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Your photography location guide to the

Dallas Arboretum & Botanical Garden

The Dallas Arboretum is one of the prettiest sights you can visit in Dallas. Whether you are just visiting town for the weekend or you've lived here all your life - The Arboretum never gets old. It's a "must-see" spot.


As a Dallas wedding and portrait photographer, you bet The Arboretum is one of my frequent stops. I'm there so often that it crossed my mind to set up a tent and stay the night there when I have back-to-back bookings 2-3 days in a row- lol. (Don't do that, it's against the rules.)


As beautiful as it is, The Dallas Arboretum is HUGE! If you are adventurous and want to discover the garden at your own pace - close this tab. Like right now. This post is a "spoiler".

But if you are visiting to take photos, it's best to know what to do, where to go, and where you can find everything - so you can maximize your time there as well as hit all the gorgeous spots.

The Dallas Arboretum has been blooming and giving its visitors a visual festival all year long since 1984. The gardens are built on 66 acres of land, including the DeGolyer Estate and Alex Camp House within.

From wedding celebrations to surprise proposals, evening concerts to workshops - The Dallas Arboretum has been home to the Dallas community and visitors worldwide.


Even though I haven't been to the Rory Meyers Children's Adventure Garden, I've heard so many good things about it from my friends with kids. Doing some research, I discovered they have everything that would make a perfect day in the gardens with your kids - from story times to puppet shows, a discovery lab, an edible garden, a kaleidoscope, and so much more!

For more information about the Dallas Arboretum and to plan your trip, visit https://www.dallasarboretum.org/

photography policies at the arboretum

  • Photography is only permitted after 9 am. Be prepared to fill out a photography permit form upon entrance. They will provide you with this at the ticket booths.
  • Professional photography using more than a handheld camera is allowed only between 3 pm and 5 pm daily. This includes tripods, lighting umbrellas, etc.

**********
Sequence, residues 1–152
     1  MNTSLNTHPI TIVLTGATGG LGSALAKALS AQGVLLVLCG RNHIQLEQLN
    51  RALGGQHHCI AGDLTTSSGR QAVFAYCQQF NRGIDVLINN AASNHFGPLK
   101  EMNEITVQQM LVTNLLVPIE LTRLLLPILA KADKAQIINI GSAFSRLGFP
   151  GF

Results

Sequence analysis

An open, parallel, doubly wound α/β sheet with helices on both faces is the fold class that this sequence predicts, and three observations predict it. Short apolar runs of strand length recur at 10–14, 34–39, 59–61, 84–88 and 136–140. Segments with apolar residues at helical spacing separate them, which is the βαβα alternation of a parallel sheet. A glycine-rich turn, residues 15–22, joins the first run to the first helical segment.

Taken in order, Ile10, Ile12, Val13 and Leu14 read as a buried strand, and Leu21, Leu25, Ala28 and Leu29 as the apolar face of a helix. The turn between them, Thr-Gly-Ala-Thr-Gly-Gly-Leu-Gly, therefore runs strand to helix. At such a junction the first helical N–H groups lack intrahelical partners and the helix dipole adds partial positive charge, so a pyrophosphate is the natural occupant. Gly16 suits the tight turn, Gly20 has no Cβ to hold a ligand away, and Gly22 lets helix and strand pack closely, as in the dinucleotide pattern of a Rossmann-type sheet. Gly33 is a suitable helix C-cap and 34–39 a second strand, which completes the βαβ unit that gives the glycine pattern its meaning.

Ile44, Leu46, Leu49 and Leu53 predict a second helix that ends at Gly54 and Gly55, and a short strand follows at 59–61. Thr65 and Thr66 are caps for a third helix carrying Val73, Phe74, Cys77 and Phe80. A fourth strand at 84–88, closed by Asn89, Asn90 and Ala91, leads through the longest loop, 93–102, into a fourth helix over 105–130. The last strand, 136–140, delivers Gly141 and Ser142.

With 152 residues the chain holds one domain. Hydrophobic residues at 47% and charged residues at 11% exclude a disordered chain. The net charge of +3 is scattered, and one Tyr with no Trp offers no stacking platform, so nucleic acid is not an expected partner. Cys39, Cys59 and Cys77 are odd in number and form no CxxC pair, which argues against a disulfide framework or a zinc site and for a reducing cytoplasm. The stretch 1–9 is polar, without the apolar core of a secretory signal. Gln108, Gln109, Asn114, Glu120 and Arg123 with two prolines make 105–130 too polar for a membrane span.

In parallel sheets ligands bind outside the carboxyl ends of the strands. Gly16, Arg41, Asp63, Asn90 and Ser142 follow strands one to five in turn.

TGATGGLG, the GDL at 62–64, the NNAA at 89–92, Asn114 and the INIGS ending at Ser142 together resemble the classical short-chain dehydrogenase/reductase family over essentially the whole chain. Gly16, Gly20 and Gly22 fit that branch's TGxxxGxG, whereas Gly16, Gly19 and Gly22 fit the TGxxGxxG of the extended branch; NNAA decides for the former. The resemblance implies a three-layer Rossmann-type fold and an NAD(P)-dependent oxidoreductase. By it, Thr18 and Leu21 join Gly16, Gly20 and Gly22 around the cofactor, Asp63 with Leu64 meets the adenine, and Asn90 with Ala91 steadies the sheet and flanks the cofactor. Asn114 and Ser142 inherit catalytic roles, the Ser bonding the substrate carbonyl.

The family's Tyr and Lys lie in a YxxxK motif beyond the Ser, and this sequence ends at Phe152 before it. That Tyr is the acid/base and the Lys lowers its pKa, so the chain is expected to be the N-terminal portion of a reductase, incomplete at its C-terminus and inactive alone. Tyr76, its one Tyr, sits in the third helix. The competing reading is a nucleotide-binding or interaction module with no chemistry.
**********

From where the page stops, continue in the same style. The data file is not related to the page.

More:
• All photographers and their clients must purchase admission or have a membership. For tickets, please click here.
  • Do not stand or walk in garden beds or climb on trees, shrubs, rocks, or sculptures.
  • Do not block access to or on any public path or walkway.
  • Do not pick flowers.
  • Do not play or stand in the water features.
  • No drones are allowed on the Arboretum grounds under any circumstances.
  • An adult must accompany children under 16.
  • We reserve the right to refuse entrance to the garden with inappropriate attire.
  • Please follow all garden etiquette guidelines when taking photographs.
  • The City of Dallas does not permit changing clothes in the public restrooms, but The Arboretum does offer a 2-hour rental in the VIP rental for $300, and that room can be reserved online.

tips for the best experience

  • For some reason, the weekend crowd is very different from the weekday crowd. If you want the best experience for doing your sessions at the Dallas Arboretum, try to schedule your session for weekdays - preferably between 9 am and 11 am. It'll be less crowded, and people will be way more considerate. I've had a few weekend instances where people were pretty rude. I don't do well with rude people, and I don't have the filters or the capacity to remain sweet, so I avoid going there on the weekends. :)
  • Make sure to be aware of your surroundings. Don't walk into other people's frame, as this would piss you off if it were done to you.
  • Don't take too long to take photos at a specific spot - especially if others are waiting around for you. We can all take turns, shoot at another pretty backdrop nearby, and switch. Sharing is caring!
  • Bring a bottle of water with you. Although The Arboretum has a drink stand near the DeGolyer, there is usually a line, and you don't want to wait 10 minutes just to grab a bottle of water. There are also vending machines where the restrooms are located on the walkway to the right when you enter from Gate 1 and walk towards DeGolyer - but don't leave it to chance. What if they're not working?
  • For summer days, prep some towels soaked in water and frozen overnight. The humidity feels doubled because of the White Rock Lake. You can thank me later!
  • For a more quiet photography experience, you can opt-in to buy tickets for their evening concerts. Please note, you will need to purchase tickets for each person entering the premises - whether you stay for the concert or not.
  • As a photographer, I never got to enjoy the Arboretum for pleasure only. If you don't live nearby and will be driving quite a bit for your session, bring a blanket and maybe a picnic arrangement (in a cooler!?) to enjoy the park afterward. I'm telling you this, but ask me if I have done it myself - of course not! I'm just putting it out there: one of those days, I'm going to go to the Arboretum just to lay down, watch the clouds, listen to music, and maybe read a book or something. :)


Dallas Arboretum Guide